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C'mon, get happy, Washington

As official Washington enjoys its annual summer break, it seems appropriate to reflect on what it is that makes us happy.

This ground is well-trod by social scientists, including my former teacher Robert Lane in his book, The Loss of Happiness in Market Democracies.

As official Washington enjoys its annual summer break, it seems appropriate to reflect on what it is that makes us happy.

This ground is well-trod by social scientists, including my former teacher Robert Lane in his book, The Loss of Happiness in Market Democracies.

Lane identifies a paradox “of apparently growing unhappiness in the midst of increasingly plenty.” In the past half-century Americans have grown much wealthier but are no happier and by some measures much less so.

There is no doubting our material progress. Take one measurement, fraught with meaning for those who lived through Washington’s past week. In the past 40 years, the number of homes with air conditioning nationwide leapt from just 15 percent to nearly 75 percent. Real incomes, too, have risen, and along with them the level of our material possessions. But we have become no happier.

What shocks economists would not surprise Thomas Jefferson, who consciously substituted “the pursuit of happiness” for Locke’s pursuit of “property.”

Money does not buy happiness. The poor are certainly less satisfied than the rich, but above a basic level of income the differences start to fade. Whether we look at individuals or nations, the rich are no happier than the middle class.

A New Yorker cartoon captured the sentiment, albeit in exaggerated fashion. “The country Grandpa comes from,” he reports to his grandchildren, “was a stinking hellhole of unspeakable poverty where everyone was always happy.”

Yet our society is geared to increasing our wealth on the false presumption that these material gains will be reflected in higher levels of happiness. Two central mechanisms short-circuit the connection.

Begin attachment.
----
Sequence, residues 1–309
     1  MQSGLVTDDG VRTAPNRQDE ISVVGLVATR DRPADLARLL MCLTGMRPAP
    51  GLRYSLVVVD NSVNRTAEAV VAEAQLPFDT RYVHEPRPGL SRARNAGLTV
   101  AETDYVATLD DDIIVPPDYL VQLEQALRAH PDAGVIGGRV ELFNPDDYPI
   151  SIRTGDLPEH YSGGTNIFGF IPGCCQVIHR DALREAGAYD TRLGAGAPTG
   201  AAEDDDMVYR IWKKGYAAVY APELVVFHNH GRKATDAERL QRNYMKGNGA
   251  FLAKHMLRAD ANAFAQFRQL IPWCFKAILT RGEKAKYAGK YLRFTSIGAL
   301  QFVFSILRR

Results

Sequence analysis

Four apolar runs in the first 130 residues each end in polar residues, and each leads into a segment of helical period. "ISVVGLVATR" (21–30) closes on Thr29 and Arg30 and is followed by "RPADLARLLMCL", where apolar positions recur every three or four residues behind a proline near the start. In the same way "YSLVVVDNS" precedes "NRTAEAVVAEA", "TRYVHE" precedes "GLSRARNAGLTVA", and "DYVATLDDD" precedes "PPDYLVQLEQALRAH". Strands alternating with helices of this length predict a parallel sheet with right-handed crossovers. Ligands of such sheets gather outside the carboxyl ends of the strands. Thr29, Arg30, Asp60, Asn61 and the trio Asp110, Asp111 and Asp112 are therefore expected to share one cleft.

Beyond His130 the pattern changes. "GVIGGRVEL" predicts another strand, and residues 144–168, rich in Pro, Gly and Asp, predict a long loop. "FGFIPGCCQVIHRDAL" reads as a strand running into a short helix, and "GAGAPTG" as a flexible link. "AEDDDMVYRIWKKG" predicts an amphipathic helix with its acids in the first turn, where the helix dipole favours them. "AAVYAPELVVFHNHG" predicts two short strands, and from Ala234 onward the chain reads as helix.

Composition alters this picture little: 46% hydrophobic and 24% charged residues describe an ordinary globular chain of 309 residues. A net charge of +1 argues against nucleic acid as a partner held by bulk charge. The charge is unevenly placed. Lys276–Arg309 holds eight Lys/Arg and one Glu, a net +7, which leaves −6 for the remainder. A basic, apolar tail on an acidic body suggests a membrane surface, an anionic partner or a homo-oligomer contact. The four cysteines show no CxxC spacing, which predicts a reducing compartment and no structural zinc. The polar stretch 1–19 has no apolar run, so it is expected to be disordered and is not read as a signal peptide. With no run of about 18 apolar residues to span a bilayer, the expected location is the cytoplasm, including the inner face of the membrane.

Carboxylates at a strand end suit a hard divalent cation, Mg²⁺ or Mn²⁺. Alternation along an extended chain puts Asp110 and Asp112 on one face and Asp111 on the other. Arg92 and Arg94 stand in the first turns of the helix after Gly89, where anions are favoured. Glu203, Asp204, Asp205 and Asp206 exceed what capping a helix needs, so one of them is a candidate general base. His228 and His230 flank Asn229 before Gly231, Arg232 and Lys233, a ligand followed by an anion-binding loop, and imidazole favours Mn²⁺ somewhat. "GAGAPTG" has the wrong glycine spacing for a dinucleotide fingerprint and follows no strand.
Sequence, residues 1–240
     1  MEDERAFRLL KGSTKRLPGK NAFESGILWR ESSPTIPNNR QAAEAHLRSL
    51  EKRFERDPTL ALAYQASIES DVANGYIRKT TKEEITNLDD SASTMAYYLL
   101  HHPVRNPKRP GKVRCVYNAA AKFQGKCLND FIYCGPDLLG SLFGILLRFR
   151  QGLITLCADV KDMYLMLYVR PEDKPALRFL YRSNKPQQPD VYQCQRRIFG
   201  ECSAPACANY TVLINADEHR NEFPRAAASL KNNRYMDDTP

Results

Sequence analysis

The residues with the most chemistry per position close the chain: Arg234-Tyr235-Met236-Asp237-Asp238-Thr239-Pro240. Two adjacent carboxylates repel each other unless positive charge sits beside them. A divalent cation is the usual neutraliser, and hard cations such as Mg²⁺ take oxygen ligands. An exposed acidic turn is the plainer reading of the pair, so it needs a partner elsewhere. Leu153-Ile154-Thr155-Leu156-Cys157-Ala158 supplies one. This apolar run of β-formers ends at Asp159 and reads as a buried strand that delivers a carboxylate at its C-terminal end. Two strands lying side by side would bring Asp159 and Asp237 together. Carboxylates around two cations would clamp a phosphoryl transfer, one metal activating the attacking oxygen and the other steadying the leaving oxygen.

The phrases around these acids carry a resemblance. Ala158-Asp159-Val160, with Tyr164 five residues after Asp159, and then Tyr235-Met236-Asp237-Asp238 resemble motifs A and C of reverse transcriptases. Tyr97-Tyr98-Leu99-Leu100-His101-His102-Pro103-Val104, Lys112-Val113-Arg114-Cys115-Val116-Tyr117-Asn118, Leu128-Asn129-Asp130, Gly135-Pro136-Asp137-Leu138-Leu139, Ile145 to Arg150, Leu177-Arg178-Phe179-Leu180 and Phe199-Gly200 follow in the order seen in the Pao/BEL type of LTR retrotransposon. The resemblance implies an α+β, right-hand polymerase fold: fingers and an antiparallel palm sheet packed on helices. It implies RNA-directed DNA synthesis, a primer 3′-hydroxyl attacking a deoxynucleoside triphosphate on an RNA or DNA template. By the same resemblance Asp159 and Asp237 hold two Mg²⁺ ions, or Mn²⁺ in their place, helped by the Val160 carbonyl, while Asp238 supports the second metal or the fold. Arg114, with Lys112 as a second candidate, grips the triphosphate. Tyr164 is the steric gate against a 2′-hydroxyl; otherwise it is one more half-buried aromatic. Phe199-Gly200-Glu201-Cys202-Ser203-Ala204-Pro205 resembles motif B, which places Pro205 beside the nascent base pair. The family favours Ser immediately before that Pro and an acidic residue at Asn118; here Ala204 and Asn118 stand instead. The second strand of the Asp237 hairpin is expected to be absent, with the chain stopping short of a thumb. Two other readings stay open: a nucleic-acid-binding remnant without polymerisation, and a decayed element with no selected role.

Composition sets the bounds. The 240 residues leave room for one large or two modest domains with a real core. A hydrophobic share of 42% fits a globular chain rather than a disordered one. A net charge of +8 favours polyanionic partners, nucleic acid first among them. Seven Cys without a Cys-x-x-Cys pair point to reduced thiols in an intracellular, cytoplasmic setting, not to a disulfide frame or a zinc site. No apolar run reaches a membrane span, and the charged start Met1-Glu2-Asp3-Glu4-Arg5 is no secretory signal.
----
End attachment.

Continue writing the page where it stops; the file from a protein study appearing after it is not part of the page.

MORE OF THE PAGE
First, we make judgments by comparison. If everyone else is getting richer too, we don’t feel any better off. Second, we quickly take our gains for granted. Over the years, what people told Gallup that they thought was the minimum a family needed to get by changed with real income. People’s requirements adjust quickly to their higher living standards.

Well, if beyond poverty money doesn’t bring happiness, what does? Though, as the Beatles opined, “money can’t buy me love,” love is one currency of happiness.

Human beings are social creatures by nature. We crave the affection of family and friends. Lane argues that companionship — with friends, spouses and children — is the prime source of happiness.

Surveys have asked respondents to rate their happiness while engaging in various activities. People report they are by far happiest while having sex — an activity usually requiring companionship. “Socializing” ranks next on the list. Working and commuting are at the bottom. Yet, we spend more time working than having sex or even socializing.

Similarly, people purport to be happiest interacting with friends, relatives, spouses and children. Being with the boss is least enjoyable, ranking behind even being alone.

Unemployment has a profound negative effect on happiness, with the loss of the job more important than the loss of income. As social beings, we want to feel we are valued by peers and contributing to something larger. Job loss damages self-respect, along with networks of interpersonal relationships.

The importance of attachment to something larger is also evident in the pivotal role religion plays in happiness. That is not to say that nonbelievers are unhappy, but on average, those who believe in God are considerably happier than those who do not, other things being equal.

Personal freedom is also makes an important contribution. The most miserable people on earth were citizens of then-communist dictatorships.

Other factors, such as health, also play their roles.

So after taking a few days off with friends and family during these closing weeks of summer, let’s all get back to work as quickly as we can.

Mellman is president of The Mellman Group and has worked for Democratic candidates and causes since 1982, including Sen. John Kerry (D-Mass.) last year.